0, 0, 0, 0, 0, 0, 0, 0, 0, 0, 0, 0, 0, 0, 0, 0, 0, 0, 0, 0, 0, 0, 0, 0, 0, 0, 0, 0, 0, 0, 0, 0, 0, 0, 0, 0, 0, 0, 0, 0, 0, 0, 0, 0, 0, 0, 0, 0, 0, 0, 0, 0, 0, 0, 0, 0, 0, 0, 0, 0, 0, 0, 0, 0, 0, 0, 0, 0, 0, 0, 0, 99, 0, 0, 0, 0, 0, 99, 0, 99, 99, 0, 0, 0, 0, 0, 99, 0, 99, 0, 0, 99, 0, 99, 0, 99, 0, 99, 0, 99, 99, 99, 99, 99, 99, 99, 99, 99, 99, 99, 99, 99, 99, 99, 99, 99, 99, 99, 99, 99, 99, 99, 99, 99, 99, 99, 99, 99, 99, 99, 99, 99, 99, 99, 99, 99, 99, 99, 99, 99, 99, 99, 99, 99, 99, 99, 99, 99, 99, 99, 99, 99, 99, 99, 99, 99, 99, 99, 99, 99, 99, 99, 99, 99, 99, 99, 99, 99, 99, 99, 198, 99, 99, 99, 99, 99, 198, 99, 198, 99, 99, 99, 99, 99, 99, 99, 99, 198, 99, 198, 198, 99, 198, 99, 198, 99, 198, 99, 198, 99, 198, 198, 198, 198, 198, 198, 198, 198, 198, 198, 198, 198, 198, 198, 198, 198, 198, 198, 198, 198, 198, 198, 198, 198, 198, 198, 198, 198, 198, 198, 198, 198, 198, 198, 198, 198, 198, 198, 198, 198, 198, 198, 198, 198, 198, 198, 198, 198, 198, 198, 198, 198, 198, 198, 198, 198, 198, 198, 198, 198, 297, 198, 198, 198, 198, 198, 297, 198, 297, 198, 198, 198, 198, 198, 198, 198, 198, 297, 198, 297, 297, 198, 297, 198, 297, 198, 297, 198, 297, 198, 297, 297, 297, 297, 297, 297, 297, 297, 297, 297, 297, 297, 297, 297, 297, 297, 297, 297, 297, 297, 297, 297, 297, 297, 297, 297, 297, 297, 297, 297, 297, 297, 297, 297, 297, 297, 297, 297, 297, 297, 297, 297, 297, 297, 297, 297, 297, 297, 297, 297, 297, 297, 297, 297, 297, 297, 297, 297, 297, 297, 396, 297, 297, 297, 297, 297, 396, 297, 396, 297, 297, 297, 297, 297, 297, 297, 297, 396, 297, 396, 396, 297, 396, 297, 396, 297, 396, 297, 396, 297, 396, 396, 396, 396, 396, 396, 396, 396, 396, 396, 396, 396, 396, 396, 396, 396, 396, 396, 396, 396, 396, 396, 396, 396, 396, 396, 396, 396, 396, 396, 396, 396, 396, 396, 396, 396, 396, 396, 396, 396, 396, 396, 396, 396, 396, 396, 396, 396, 396, 396, 396, 396, 396, 396, 396, 396, 396, 396, 396, 396, 495, 396, 396, 396, 396, 396, 495, 396, 495, 396, 396, 396, 396, 396, 396, 396, 396, 495, 396, 495, 495, 396, 495, 396, 495, 396, 495, 396, 495, 396, 495, 495, 495, 495, 495, 495, 495, 495, 495, 495, 495, 495, 495, 495, 495, 495, 495, 495, 495, 495, 495, 495, 495, 495, 495, 495, 495, 495, 495, 495, 495, 495, 495, 495, 495, 495, 495, 495, 495, 495, 495, 495, 495, 495, 495, 495, 495, 495, 495, 495, 495, 495, 495, 495, 495, 495, 495, 495, 495, 495, 594, 495, 495, 495, 495, 495, 594, 495, 594, 495, 495, 495, 495, 495, 495, 495, 495, 594, 495, 594, 594, 495, 594, 495, 594, 495, 594, 495, 594, 495, 594, 594, 594, 594, 594, 594, 594, 594, 594, 594, 594, 594, 594, 594, 594, 594, 594, 594, 693, 594, 594, 594, 594, 594, 594, 594, 594, 594, 594, 594, 594, 594, 594, 594, 594, 594, 594, 594, 693, 594, 594, 594, 594, 594, 594, 594, 594, 594, 594, 594, 594, 594, 594, 594, 594, 594, 594, 594, 594, 594, 693, 594, 594, 594, 594, 594, 693, 594, 693, 594, 594, 594, 594, 594, 594, 594, 594, 693, 594, 693, 693, 594, 693, 594, 693, 594, 693, 594, 693, 594, 693, 693, 693, 693, 693, 693, 693, 693, 693, 693, 693, 693, 693, 693, 693, 693, 693, 693, 792, 693, 693, 693, 693, 693, 693, 693, 693, 693, 693, 693, 693, 693, 693, 693, 693, 693, 693, 693, 792, 693, 693, 693, 693, 693, 693, 693, 693, 693, 693, 693, 693, 693, 693, 693, 693, 693, 693, 693, 693, 693, 792, 693, 693, 693, 693, 693, 792, 693, 792, 693, 693, 693, 693, 693, 693, 693, 693, 792, 693, 792, 792, 693, 792, 693, 792, 693, 792, 693, 792, 693, 792, 792, 792, 792, 792, 792, 792, 792, 792, 792, 792, 792, 792, 792, 792, 792, 792, 792, 972, 792, 792, 792, 792, 792, 792, 792, 792, 792, 792, 792, 792, 792, 792, 792, 792, 792, 792, 792, 972, 792, 792, 792, 792, 792, 792, 792, 792, 792, 792, 792, 972, 792, 792, 792, 792, 792, 792, 792, 972, 792, 972, 792, 792, 792, 792, 792, 972, 792, 972, 792, 792, 792, 792, 792, 792, 792, 792, 972, 792, 972, 972, 792, 972, 792, 972, 792, 972, 792, 972, 792, 972, 972, 972, 972, 972, 972, 972, 972, 972, 972, 972, 972, 972, 972, 972, 972, 972, 972, 972, 972, 972, 972, 972, 972, 972, 972, 972, 972, 972, 972, 972, 972, 972, 972, 972, 972, 972, 972, 972, 972, 972, 972, 972, 972, 972, 972, 972, 972, 972, 972, 972, 972, 972, 972, 972, 972, 972, 972, 972, 972, 972, 972, 972, 972, 972, 972, 972, 972, 972, 972, 972, 972, 972, 972, 972, 972, 972, 972, 972, 972, 972, 972, 972, 972, 972, 972, 972, 972, 972, 972, 972, 972, 972, 972, 972, 972, 972, 972, 972, 972, 972, 972, 972, 972, 972, 972, 972, 972, 972, 972, 972, 972, 972, 972, 972, 972, 972, 972, 972, 972, 972, 972, 972, 972, 972, 972, 972, 972, 972, 972, 972, 972, 972, 972, 972, 972, 972, 972, 972, 972, 972, 972, 972, 972, 972, 972, 972, 972, 972, 972, 972, 972, 972, 972, 972, 972, 972, 972, 972, 972, 972, 972, 972, 972, 972, 972, 972, 972, 972, 972, ...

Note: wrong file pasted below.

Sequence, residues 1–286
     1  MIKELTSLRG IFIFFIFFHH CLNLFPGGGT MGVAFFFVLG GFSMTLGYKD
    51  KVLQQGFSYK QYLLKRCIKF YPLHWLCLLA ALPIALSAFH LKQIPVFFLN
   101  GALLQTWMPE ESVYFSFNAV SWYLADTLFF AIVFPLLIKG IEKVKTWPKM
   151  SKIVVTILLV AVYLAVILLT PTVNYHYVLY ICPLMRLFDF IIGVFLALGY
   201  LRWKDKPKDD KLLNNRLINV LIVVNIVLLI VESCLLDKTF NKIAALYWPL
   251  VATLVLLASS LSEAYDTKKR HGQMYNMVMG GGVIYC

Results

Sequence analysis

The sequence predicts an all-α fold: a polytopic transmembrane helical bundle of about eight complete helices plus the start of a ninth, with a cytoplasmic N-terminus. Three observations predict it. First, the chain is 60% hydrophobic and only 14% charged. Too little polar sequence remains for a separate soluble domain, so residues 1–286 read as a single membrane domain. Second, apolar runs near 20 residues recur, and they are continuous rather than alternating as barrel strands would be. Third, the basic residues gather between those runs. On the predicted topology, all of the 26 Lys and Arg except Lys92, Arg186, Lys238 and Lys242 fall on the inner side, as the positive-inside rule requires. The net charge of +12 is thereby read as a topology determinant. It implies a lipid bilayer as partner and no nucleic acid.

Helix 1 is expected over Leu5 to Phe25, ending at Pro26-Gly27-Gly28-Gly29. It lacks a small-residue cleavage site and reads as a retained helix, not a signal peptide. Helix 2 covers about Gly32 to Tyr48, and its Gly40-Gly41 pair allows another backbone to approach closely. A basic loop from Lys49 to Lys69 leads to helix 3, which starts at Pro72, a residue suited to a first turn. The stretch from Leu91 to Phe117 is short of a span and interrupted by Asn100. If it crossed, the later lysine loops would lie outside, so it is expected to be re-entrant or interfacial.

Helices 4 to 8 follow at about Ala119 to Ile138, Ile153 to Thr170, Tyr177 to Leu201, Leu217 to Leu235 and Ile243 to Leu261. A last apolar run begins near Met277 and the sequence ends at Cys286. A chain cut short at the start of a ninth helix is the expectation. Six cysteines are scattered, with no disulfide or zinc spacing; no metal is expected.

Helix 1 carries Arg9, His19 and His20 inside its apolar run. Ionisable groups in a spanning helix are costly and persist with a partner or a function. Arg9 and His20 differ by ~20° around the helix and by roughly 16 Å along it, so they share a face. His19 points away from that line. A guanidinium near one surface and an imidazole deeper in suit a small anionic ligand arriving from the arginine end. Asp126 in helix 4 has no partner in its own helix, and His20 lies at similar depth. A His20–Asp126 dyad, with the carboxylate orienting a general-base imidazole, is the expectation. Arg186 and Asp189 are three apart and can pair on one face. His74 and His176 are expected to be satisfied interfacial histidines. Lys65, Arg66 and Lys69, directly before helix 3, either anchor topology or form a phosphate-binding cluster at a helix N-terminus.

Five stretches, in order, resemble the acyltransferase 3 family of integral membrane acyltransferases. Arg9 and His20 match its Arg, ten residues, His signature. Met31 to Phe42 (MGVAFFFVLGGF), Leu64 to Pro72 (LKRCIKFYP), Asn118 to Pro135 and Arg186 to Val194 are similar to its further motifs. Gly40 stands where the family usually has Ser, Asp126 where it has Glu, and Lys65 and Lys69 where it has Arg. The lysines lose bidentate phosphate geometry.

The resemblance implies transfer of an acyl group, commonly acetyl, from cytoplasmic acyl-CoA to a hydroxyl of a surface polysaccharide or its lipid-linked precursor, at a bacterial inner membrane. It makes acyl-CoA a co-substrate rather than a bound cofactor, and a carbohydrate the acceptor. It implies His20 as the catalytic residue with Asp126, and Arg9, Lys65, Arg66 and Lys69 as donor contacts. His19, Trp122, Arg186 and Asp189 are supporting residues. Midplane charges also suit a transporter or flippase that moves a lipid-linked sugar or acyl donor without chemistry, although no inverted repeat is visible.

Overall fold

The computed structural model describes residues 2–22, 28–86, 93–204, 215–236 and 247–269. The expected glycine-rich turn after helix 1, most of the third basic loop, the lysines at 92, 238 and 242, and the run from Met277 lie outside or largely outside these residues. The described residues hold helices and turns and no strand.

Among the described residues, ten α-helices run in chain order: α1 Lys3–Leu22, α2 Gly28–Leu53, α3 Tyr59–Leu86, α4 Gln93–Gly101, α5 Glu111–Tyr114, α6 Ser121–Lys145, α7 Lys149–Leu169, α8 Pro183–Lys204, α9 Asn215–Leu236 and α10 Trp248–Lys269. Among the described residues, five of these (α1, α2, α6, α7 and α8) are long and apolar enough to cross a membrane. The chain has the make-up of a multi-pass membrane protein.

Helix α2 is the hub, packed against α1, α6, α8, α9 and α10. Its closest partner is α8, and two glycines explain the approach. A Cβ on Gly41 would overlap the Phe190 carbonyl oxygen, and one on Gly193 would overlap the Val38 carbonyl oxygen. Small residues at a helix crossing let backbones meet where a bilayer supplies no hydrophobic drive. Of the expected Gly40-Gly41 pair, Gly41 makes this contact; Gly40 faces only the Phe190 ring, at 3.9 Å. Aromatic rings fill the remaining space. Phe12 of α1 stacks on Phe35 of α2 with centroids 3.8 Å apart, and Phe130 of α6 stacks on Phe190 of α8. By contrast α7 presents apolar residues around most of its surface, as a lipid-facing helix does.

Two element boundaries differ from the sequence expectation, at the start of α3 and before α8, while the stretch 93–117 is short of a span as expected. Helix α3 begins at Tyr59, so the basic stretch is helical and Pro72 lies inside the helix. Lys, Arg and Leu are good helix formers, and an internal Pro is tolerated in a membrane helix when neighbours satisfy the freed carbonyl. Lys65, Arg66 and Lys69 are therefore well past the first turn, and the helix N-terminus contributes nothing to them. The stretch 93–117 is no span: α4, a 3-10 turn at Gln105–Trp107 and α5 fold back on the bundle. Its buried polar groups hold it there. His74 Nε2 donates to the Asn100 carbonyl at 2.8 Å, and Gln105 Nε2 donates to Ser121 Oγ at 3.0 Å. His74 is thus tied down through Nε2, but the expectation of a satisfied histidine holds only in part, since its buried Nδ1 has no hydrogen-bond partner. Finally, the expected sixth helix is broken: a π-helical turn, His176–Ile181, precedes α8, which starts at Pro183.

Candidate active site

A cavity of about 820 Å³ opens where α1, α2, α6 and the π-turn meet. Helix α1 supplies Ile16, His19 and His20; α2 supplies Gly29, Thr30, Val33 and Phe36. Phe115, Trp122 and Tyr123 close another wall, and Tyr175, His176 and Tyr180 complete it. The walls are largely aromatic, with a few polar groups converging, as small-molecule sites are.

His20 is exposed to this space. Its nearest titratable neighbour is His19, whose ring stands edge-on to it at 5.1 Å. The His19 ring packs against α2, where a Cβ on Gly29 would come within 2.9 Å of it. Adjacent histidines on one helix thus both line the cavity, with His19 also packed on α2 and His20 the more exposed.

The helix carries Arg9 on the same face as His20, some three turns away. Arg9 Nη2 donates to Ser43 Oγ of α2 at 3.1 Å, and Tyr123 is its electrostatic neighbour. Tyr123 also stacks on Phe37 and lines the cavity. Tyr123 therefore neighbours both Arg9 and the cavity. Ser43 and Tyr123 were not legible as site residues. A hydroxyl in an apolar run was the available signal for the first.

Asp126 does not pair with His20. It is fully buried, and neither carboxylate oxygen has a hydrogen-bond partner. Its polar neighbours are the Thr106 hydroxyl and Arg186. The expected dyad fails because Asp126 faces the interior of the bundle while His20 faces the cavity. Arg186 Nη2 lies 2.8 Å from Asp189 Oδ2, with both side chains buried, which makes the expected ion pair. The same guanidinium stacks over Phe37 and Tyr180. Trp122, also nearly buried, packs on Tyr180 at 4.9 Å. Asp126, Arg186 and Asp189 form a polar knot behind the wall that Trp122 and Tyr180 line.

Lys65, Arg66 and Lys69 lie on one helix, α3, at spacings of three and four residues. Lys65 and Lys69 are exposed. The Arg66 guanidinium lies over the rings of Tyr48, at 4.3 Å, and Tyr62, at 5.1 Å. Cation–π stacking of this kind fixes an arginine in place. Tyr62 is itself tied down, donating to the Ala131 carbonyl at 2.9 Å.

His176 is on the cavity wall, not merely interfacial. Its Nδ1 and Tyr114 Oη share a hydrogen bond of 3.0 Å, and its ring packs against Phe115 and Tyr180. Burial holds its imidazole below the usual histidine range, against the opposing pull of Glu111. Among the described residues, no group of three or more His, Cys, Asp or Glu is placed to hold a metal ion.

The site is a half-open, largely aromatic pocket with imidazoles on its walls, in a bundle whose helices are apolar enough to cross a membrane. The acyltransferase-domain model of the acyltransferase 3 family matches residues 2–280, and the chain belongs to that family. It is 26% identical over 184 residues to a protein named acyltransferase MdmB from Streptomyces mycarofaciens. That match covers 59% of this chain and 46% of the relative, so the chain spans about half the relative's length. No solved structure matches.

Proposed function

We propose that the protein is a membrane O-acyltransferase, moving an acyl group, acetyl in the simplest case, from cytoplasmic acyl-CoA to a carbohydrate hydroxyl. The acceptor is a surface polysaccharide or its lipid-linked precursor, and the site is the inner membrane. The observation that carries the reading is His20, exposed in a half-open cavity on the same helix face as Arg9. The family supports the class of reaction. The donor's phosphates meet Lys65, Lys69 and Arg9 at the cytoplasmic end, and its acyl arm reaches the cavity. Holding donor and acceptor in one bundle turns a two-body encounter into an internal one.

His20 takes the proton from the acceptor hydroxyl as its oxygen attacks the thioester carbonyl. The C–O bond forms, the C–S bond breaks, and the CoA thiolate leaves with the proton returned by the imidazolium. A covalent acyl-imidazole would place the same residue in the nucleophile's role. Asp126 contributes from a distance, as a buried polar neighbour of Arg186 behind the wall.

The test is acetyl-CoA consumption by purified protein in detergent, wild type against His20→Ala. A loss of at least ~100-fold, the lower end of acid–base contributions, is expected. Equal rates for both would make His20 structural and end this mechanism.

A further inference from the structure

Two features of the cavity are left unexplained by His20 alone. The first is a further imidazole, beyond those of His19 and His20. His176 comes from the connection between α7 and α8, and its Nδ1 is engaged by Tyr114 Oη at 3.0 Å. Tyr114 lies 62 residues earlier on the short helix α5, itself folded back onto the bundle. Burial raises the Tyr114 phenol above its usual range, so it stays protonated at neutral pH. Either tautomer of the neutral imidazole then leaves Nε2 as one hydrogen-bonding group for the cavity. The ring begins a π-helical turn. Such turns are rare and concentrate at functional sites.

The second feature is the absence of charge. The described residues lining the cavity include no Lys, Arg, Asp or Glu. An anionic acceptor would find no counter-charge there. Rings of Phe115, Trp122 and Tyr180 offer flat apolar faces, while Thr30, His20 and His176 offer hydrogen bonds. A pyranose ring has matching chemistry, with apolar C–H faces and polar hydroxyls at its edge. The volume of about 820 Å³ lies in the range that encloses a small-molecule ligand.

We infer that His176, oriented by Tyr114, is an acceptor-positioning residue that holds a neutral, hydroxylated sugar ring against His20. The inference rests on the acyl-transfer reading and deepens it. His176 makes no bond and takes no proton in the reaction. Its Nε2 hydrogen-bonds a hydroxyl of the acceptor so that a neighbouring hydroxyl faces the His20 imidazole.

Maybe more / also interesting: